Approaches the firm from the perspective of its critical role in contributing to overall economic growth, addressing the broad question of technological advance and how it comes about. The ‘technological residual’ in economists’ growth models has traditionally been treated as exogenous and has only recently come to be incorporated as endogenous, as a function of firms’ investment in research and development; the authors elaborate on this theme by focusing on the neglected role of science in technological advance and on the inherent uncertainty associated with such advance, and back their case with examples. The important contribution of private firms that invest in creating new or improved technology and appropriate the benefits thereof is given its due, but it is also noted that applied science (typically performed at universities) and research and development carried out by firms feed off each other; this interdependence stems from externalities, but also from less obvious linkages, such as private laboratories providing a labour market for university‐trained researchers, and applied university research rapidly responding to the need for scientific explanations of technological advances made by private firms. The fundamental uncertainty often associated with technological breakthroughs further complicates this picture, although the authors argue that there is commonly true surprise involved in the discovery of new technology, and in addition, make the point that in fact ‘old’ science often lies behind these breakthroughs. Finally, it is noted that incorporating the interdependence of public and private R&D, and the uncertainty of technological advance, into mainstream formal growth models may be difficult, however realistic it is.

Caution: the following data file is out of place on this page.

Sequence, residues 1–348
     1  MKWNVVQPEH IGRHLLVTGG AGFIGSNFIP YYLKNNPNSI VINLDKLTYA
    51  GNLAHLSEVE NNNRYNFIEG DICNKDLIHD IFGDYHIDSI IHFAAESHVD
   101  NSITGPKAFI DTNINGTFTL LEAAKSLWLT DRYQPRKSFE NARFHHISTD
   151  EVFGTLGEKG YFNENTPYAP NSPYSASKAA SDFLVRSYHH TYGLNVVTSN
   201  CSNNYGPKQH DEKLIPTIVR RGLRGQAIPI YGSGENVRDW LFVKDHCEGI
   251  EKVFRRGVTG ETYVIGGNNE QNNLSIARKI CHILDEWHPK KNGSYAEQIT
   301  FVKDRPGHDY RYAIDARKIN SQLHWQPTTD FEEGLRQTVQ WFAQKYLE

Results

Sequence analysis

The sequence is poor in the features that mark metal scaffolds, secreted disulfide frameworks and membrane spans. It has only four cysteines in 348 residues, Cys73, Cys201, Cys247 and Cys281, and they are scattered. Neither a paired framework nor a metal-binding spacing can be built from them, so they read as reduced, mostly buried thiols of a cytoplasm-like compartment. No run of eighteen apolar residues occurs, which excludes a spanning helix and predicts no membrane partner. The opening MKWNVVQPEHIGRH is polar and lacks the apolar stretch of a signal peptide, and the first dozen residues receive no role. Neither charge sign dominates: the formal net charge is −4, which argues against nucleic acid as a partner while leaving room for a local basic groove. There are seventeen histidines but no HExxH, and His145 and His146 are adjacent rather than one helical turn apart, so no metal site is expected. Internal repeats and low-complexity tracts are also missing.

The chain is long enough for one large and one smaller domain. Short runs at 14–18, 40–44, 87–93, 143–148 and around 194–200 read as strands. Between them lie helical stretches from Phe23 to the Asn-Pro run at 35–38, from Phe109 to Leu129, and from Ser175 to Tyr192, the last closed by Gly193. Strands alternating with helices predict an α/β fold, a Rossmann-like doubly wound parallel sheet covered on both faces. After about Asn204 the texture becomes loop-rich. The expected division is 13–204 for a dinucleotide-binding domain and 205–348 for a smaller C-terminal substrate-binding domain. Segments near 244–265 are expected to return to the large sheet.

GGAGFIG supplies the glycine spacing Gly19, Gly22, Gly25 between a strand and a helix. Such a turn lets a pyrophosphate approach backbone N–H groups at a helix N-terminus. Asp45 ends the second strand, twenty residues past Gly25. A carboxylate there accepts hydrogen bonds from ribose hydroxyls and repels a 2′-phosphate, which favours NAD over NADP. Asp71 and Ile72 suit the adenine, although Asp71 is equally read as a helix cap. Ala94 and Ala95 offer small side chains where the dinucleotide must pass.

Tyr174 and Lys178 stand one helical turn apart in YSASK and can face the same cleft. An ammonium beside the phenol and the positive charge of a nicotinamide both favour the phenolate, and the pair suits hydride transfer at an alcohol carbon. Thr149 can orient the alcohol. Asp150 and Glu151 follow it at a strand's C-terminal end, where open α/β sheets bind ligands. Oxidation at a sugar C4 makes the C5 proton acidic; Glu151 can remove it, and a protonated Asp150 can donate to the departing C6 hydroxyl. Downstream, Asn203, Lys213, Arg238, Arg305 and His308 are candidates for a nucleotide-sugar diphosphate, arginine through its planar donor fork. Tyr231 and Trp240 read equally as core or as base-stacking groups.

Keywords: companies; economic growth; economic models; firms; growth models; interdependence; private research and development; public research and development; research and development; science; technological advance; technology
Chapter. 6898 words.
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